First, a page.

Why would anyone want to run 400km across a desert? And why would anyone do it again?
In moderation, running improves both your health and physique. In extremes, it does quite the opposite.
The feet blister and swell to the point where multiple pairs of shoes in ascending sizes are required.
Toenails turn black and fall off or, worse, fill with fluid and require puncturing. Some runners even choose to strike pre-emptively and have theirs surgically removed.
Stress fractures are customary.
Tendons rub and become inflamed, sending shooting pains up the leg with each agonising step.
Muscles seize up, cramp unpredictably and eventually wither away, leaving a gaunt and haggard appearance. Clothing and pack straps rub the skin raw and bloody.
The stomach often ceases to function, leading to vomiting or diarrhoea - a serious issue when one needs to drink 10 litres of water and eat upwards of 6,000 calories each day.
But the greatest effect is less visible - the mind, addled by a lack of sleep and constant battles with the body, begins to lose its grip on reality. Hallucinations are common.
Emotions can oscillate from elation to anger to melancholy.
Speech becomes slurred; planning, rational decisions and accurate navigation, almost impossible.
It is not, by any conventional definition, pleasurable. So, why then are increasing numbers of people paying good money to put themselves through it?
This is a question that academics at the University of Cardiff have sought to tackle.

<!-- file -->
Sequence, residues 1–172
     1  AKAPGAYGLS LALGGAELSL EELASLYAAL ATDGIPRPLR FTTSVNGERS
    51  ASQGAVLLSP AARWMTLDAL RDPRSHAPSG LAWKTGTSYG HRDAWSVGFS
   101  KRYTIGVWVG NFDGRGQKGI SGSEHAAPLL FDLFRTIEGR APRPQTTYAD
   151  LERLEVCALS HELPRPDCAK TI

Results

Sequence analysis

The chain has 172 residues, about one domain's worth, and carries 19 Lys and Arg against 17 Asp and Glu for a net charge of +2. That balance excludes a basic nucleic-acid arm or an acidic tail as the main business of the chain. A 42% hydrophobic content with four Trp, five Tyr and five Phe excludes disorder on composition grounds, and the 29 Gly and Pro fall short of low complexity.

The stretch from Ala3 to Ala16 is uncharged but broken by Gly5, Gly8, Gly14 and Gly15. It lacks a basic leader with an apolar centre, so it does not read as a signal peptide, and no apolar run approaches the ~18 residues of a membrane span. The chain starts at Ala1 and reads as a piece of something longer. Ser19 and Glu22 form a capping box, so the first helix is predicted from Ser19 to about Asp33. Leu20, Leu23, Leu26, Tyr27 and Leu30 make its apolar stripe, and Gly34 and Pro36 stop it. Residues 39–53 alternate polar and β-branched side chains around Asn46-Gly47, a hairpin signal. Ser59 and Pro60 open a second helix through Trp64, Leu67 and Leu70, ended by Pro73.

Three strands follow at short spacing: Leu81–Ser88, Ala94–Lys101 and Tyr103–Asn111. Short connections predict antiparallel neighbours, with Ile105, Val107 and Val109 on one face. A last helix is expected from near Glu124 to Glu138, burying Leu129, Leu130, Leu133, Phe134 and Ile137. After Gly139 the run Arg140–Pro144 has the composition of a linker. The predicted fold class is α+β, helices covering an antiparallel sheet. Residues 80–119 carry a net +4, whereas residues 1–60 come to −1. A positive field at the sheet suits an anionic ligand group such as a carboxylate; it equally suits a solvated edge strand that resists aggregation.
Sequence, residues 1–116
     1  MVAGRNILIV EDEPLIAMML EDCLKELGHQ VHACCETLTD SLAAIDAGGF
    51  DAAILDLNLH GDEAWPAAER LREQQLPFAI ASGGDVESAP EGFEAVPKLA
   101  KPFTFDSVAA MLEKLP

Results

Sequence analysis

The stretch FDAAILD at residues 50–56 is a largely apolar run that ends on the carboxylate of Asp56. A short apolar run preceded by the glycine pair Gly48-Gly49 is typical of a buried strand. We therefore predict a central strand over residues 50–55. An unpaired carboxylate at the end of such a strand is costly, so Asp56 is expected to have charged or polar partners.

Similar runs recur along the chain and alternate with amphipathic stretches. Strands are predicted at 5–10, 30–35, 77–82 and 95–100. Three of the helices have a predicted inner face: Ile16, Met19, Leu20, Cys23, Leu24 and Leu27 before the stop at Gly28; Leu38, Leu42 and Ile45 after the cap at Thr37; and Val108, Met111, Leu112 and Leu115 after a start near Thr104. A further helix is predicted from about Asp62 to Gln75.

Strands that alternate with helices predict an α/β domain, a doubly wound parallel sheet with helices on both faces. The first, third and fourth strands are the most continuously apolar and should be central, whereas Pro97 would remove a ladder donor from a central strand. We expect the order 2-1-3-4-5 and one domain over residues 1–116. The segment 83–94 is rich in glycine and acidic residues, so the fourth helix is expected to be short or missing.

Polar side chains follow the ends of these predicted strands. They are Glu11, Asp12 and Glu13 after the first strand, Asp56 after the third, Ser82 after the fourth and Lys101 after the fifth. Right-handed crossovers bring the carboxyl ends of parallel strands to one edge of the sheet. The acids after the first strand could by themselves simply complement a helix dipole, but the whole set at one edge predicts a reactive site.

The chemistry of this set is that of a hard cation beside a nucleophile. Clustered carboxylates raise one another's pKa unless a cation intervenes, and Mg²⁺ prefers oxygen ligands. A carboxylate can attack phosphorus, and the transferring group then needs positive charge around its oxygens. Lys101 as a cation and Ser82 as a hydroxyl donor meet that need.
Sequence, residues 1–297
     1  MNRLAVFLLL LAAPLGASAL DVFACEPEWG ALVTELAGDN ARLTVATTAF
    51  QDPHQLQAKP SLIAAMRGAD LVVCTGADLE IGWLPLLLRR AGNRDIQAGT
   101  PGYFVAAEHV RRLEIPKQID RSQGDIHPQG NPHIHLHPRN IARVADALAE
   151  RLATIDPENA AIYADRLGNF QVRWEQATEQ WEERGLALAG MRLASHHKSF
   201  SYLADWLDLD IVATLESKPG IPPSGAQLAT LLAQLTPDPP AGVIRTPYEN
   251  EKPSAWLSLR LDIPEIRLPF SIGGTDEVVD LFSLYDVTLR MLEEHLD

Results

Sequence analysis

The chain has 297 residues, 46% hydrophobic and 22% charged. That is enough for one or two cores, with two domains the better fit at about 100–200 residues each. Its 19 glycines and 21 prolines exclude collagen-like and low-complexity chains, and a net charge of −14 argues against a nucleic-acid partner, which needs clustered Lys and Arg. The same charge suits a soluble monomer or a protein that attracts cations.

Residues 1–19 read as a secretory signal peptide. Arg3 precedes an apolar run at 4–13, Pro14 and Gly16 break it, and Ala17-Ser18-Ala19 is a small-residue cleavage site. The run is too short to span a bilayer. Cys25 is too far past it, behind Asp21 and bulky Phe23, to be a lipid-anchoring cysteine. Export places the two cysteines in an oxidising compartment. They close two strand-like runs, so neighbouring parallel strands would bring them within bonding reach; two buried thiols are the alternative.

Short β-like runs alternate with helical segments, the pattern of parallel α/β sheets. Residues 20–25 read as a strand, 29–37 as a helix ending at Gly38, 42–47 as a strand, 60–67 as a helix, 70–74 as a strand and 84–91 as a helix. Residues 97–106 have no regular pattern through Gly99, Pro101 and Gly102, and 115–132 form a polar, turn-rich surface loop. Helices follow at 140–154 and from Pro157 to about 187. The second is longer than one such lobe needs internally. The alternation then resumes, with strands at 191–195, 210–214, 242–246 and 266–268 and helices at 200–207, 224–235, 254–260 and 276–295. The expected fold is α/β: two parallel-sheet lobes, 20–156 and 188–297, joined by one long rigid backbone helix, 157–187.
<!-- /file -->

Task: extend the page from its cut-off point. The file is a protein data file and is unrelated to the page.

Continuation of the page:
Published in the Journal Of Consumer Research, their research confronts the seeming conundrum that, on the one hand, consumers spend billions of dollars every year to alleviate different kinds of pain, while, on the other hand, millions of people take part in extremely painful leisure pursuits.
The paper's title, Selling Pain To The Saturated Self, implies a key premise - that, unlike many sports and activities where pain is a risk to which participants are prepared to subject themselves, in endurance sport, pain is a core part of the appeal.
Races are described as "brutal" and "savage", and suffering is discussed with gleeful awe.
Although the research technically focuses on assault-course racing rather than ultramarathons, the three leading motivations they uncover are equally transferable.
Firstly, pain makes us more aware of our own bodies - or, in the study's terms, enables us "to rediscover our corporeality… through sensory intensification".
In a world where our bodies have largely ceased to be useful tools for survival and, instead, merely act as receptacles, it is perhaps little surprise that some form of disconnect has arisen.
For the frustrated, sedentary office worker, sensory intensification presents an opportunity to bridge this dualistic divide.
It follows that the popularity of ultramarathons is closely linked to the comfort of modern life.
Try explaining to people whose lives are physically uncomfortable by necessity that you run in circles for pleasure.
Secondly, there is a degree of mental escapism.
As the authors put it: "By flooding the consciousness with gnawing unpleasantness, pain provides a temporary relief from the burdens of self-awareness."
Escaping from self-awareness would appear to be a common characteristic of the human condition.
Alcohol tends to be our society's favoured fix, although binge-eating, antidepressants and, ultimately, suicide are also associated problems.
Finally, the authors assess the role that painful experiences play in retrospect. Pain helps people "craft the narrative of a fulfilled life through wounds and scars".
In reality, ultramarathons are lonely, arduous and largely uneventful. And yet, through social media and blogs, they are dramatised into heroic struggles and atheist pilgrimages, a transformation that is reinforced by the well-intentioned, if misguided, puritanical attitude that perseverance is, by its very nature, worthy.